6. A Higher Jump In The Wire

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via quotesgram.com

Not a movie, we’re well aware. But when something is too good to be true, you have to include it, plus The Wire is so intense it might as well be a movie. In season five, everybody’s favorite, Omar, finds himself cornered on the fourth floor of a building with nowhere to go. Grabbing life by the horns, Omar leaps out of the building and down to the ground below, surviving and leaving everyone watching furrowing their brow wondering what the hell they just watched. The truth is that Omar is based on a real dude, well, actually, a couple of real dudes, and one of those real dudes did this in real life and survived. But there’s more. This real dude actually jumped off the sixth floor. The director decided that since no one would believe the sixth floor he would move it down to the fourth.

5. Homosexuality In A Beautiful Mind

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via hollywoodcoyote.blogspot.com

There’s no doubt that much of A Beautiful Mind is fictionalized for the big screen, but there is one element that the filmmakers specifically avoided, and that is the fact that John Nash had homosexual encounters. Why this was left out is anybody’s guess, but, as is often the case in Hollywood, sexuality confuses audiences. There is, shockingly, still a large portion of the population who struggle to relate to people if they don’t have the same sexuality as them, so many filmmakers avoid discussing it all together. We can’t be sure if this is why it was left out of A Beautiful Mind, but it wouldn’t surprise us if it were.

4. More Dumb Guards In Public Enemies

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via movieclips.com

In one of the most ridiculous scenes ever, John Dillinger (Johnny Depp), in Public Enemies, whittles a fake gun out of wood and then proceeds to break out of jail by convincing three of the guards that it’s a real gun. While this may sound crazy, the actual true account is actually much crazier. The story goes that Dillinger didn’t just convince three guards it was real, he convinced 17 guards. That’s a whole lot of stupid, so much stupid that the director, Michael Mann, decided that film-goers just wouldn’t believe it, so he whittled that number down to three. It must have been awfully easy to be a criminal back then.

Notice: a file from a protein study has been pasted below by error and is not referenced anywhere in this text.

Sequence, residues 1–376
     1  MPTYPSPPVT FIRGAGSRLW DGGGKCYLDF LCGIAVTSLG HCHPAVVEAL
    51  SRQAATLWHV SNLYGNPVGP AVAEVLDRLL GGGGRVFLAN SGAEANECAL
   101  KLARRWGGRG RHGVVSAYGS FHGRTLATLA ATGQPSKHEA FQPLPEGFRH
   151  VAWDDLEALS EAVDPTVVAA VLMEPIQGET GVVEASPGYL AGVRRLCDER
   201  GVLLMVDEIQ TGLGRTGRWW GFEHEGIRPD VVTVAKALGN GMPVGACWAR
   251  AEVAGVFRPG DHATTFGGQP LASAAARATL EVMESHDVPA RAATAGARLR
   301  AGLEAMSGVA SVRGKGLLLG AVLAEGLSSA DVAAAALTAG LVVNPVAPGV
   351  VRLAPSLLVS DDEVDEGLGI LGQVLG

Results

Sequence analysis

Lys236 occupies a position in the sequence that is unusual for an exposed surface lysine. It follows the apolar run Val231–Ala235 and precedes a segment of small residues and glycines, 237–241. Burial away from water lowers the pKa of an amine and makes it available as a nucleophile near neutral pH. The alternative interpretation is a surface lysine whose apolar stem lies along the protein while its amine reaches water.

3. Untimely Death Of Pocahontas

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via kingofwallpapers.com

Disney always changes details in their adaptations, so don’t act surprised. But this one was changed so little kids wouldn’t be left emotionally scarred, not really because it was too unbelievable—though it is unbelievable. In the movie Pocahontas II, Pocahontas is brought back to England and paraded around happily. Not quite the truth. While she was paraded around, she was used as advertising the trade opportunities and wonders of the new world. Worse than that, Disney forgot to mention that soon after leaving England, the 21-year old Pocahontas fell extremely ill and died. Her and John Smith never had little Pocahnti; they never lived happily ever after. Stick that in your childhood pipe and smoke it.

2. The Athletic Side In The Imitation Game

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via moviemezzanine.com

The thinking here is that a nerd could never be an athlete. Just couldn’t happen. There’s no possible way that Alan Turing, the guy who did some stuff and broke some Nazi military codes in WWII and was prosecuted for homosexuality in 1952, could also be athletic, that just wouldn’t fit in with the Hollywood narrative. No one would believe that. Well it’s true; this guy was an everyman. He nearly qualified for the Olympics in 1948 in the marathon, he saved the world from the Nazis, women loved him, and men loved him. He was a real gem.

1. Sponsorships In Gladiator

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via kingofwallpapers.com

In today’s entertainment industry, sports players have sponsors and give plugs whenever they can. Remember when Peyton Manning said he was “going to drink a lot of Budweiser”? Yeah, you get it. Well this is the kind of sellouts we have today. It would be weird to have seen that sort of thing in a period film like Gladiator though, right? Well originally, Russell Crowe‘s character was going to be sponsored by a specific brand of olive oil, but the filmmakers scrapped it in fear of making it look like a satire. The craziest part about this is that it’s actually the way it was back then. Roman Gladiators were sponsored by products. They were vehicles for advertising. They even had their own merchandise. Yet, since people would never have believed it, so this detail was canned.